A new $100 million project run by members of both presidents’ families highlights the tight relations between Turkey and Azerbaijan.
Following Azerbaijan’s victory over Armenia in the 2020 war, one of the biggest beneficiaries has been Turkey.
Turkey gave substantial military aid to Azerbaijan in the war, and the aid is now being reciprocated: Companies close to President Recep Tayyip Erdogan have received at least hundreds of millions of dollars in contracts, particularly in the reconstruction of the territories in Karabakh that Azerbaijan retook in the war.
In some cases, the relationships go beyond business and politics: In one large new agricultural complex in the Zangilan region, members of Erdogan’s family are business partners with members of President Ilham Aliyev’s family.
Erdogan and Aliyev laid the foundation for the Dost (“Friend”) Agropark in October 2021, and the two visited it again on October 20, when they took a tour around Karabakh as part of the inauguration of a new airport in Zangilan, near the borders with Armenia and Iran.
The Dost Agropark is envisaged as a $100 million project that will eventually employ 500 people raising up to 10,000 head of cattle.
Accompanying Erdogan on his trip around Karabakh was Abdulkadir Karagöz, the owner of Dost Ziraat, the Turkish investor in the Dost Agropark. Karagöz is not just a business ally but a member of Erdogan’s family; he is married to Erdogan’s niece, the daughter of Erdogan’s brother Mustafa Erdogan.
Shortly after the 2016 wedding, Karagöz (via a different company, which he also headed) began winning conspicuous amounts of government contracts, in many of which his firm was the only participating.
Also following the wedding, he began to take tighter control of Dost, which he co-founded in 2010. By 2017, the company’s other shareholders had left. Meanwhile, other Erdogan family members joined.
Documents in Turkey’s official Trade Registry Gazette reviewed by Eurasianet show that just over a year after the wedding, more of Erdogan’s family members (two nephews) became shareholders in Dost Ziraat: Üsame Erdoğan, son of Mustafa; and Ahmet Enes İlgen, son of Erdogan’s sister Vesile İlgen. By 2020, however, other documents in the registry indicate that the two nephews no longer held shares in the company and that Karagöz was the only shareholder.
On the Azerbaijani side the investor is Pasha Investments, part of the Pasha Holding company that brings together all of the firms owned by the family of Aliyev’s wife and first vice president, Mehriban Aliyeva.
The management of the agropark, meanwhile, is in the hands of another Erdogan ally: the CEO is Mehmet Zeki Tuğrul, who has been both a vice chairman of Dost Ziraat’s management board as well as a board member of the youth wing of Turkey’s ruling Justice and Development Party.
On their October 20 visit to the park, both presidents briefly responded to questions from journalists. Erdogan referred to Karagöz as “the person in charge here” and when asked if the agropark may be expanded later, Aliyev responded: “That depends on Mr. Abdulkadir.” Erdogan added: “Whatever he wants will be the case.”
Karagöz himself chimed in: “Of course, it will expand. Inshallah, we will continue in Lachin,” he said, referring to another territory retaken in the 2020 war.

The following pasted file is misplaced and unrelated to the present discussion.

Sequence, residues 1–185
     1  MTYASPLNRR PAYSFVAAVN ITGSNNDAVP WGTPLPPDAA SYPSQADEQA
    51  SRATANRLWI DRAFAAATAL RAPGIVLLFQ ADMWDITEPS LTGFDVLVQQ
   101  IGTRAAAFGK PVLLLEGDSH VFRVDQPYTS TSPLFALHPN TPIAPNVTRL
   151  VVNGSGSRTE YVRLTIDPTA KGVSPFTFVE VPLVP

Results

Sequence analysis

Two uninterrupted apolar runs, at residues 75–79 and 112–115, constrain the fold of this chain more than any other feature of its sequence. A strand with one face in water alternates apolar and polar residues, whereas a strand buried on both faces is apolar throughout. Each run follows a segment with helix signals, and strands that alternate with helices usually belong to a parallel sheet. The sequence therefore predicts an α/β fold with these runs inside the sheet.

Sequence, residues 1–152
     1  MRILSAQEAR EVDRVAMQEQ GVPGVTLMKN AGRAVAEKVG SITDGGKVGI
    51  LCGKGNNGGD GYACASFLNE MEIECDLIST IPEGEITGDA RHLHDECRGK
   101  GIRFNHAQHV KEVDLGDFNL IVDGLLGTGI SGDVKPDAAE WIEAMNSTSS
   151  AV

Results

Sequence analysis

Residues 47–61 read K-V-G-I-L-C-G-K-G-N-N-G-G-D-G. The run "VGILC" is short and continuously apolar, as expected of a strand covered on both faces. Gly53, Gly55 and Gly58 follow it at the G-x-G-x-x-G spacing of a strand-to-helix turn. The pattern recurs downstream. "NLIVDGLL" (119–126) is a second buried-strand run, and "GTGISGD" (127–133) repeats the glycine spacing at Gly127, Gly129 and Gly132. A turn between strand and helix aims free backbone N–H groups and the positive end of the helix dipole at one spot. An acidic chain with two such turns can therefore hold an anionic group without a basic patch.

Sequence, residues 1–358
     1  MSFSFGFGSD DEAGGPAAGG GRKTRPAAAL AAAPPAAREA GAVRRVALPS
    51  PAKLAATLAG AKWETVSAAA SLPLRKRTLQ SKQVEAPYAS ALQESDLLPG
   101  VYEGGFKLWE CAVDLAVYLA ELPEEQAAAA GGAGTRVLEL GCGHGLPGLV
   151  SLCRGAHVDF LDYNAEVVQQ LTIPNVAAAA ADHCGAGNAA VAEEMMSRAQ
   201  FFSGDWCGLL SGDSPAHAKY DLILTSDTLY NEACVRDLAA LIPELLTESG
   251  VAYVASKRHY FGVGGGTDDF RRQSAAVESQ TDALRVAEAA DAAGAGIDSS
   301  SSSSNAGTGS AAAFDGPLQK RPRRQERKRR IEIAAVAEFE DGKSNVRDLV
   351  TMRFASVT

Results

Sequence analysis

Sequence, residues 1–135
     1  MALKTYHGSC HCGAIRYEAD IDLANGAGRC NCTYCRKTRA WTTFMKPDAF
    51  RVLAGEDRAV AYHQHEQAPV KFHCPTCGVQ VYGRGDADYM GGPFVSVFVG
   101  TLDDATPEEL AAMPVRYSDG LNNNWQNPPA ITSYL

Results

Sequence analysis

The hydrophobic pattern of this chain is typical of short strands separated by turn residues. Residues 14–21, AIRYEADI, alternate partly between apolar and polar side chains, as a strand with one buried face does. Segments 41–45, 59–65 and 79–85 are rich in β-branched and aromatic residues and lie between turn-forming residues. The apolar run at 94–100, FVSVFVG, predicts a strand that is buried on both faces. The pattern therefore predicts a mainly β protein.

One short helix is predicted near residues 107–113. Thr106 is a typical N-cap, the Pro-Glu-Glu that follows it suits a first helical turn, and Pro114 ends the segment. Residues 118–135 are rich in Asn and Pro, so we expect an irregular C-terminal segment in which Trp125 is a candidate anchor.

Karagöz was not the only Turkish businessman in Erdogan’s entourage. Others included Cemal Kalyoncu, the chairman of Kalyon Holding; Mehmet Cengiz, chairman of Cengiz Holding; and Yıldırım Demirören, chairman of Demirören Holding. All three had also joined Erdoğan in his previous Karabakh visit.
In remarks that he made in Jabrayil, Erdogan alluded to the poor state of the current road there. “I think that in a year from now, we’ll see the road to Jabrayil in a completely different state, because serious steps are also being taken related to infrastructure issues,” he said. “Steps have been taken here thanks to the joint work of Cengiz and Kalyon companies.”
While these businesses don’t have family connections to Erdogan, they are key political allies. Cengiz and Kalyon are two of what has become known as the “Gang of Five” Turkish firms that have close links to Erdogan and the ruling party and which have been awarded most large government tenders during Erdogan’s rule.
Now both Kalyon and Cengiz have been awarded lucrative contracts for work in Karabakh, as well, including construction of roads and the operation of three mines, particularly of gold and copper. Kalyon is constructing the Horadiz-Aghband railway line that is envisaged as part of the transport route connecting Azerbaijan’s exclave of Nakhchivan to the mainland via southern Armenia. That project is projected to cost more than 312 million manats (over $180 million) and to be completed in 2023.
Another “Gang of Five” company, Kolin İnşaat, also has gotten a lucrative road construction contract in Karabakh, to build the “Victory Road” to Shusha along with an Azerbaijani firm, Azvirt. Kolin also was involved in the establishment of a market (located on “Turkey-Azerbaijan Friendship Street”) in the village of Agali, where the first few Azerbaijanis to resettle in Karabakh have moved.
In total, the Azerbaijani government has allocated over 4.8 billion manats (nearly $2.9 billion) for reconstruction and restoration projects in Karabakh. Data have not been published breaking down which countries’ companies get contracts, and other countries perceived to be friendly, including Italy, Israel, and the United Kingdom, also have gotten contracts. But Turkish firms appear to be the biggest winners of the contracts.
There are roughly 30 Turkish companies operating in Karabakh, according to the Turkish embassy in Baku. “These companies have already invested $1 billion, and these investments will continue to grow,” said Yakup Sefer, Turkey’s chief trade counsellor in Baku, at a July business forum.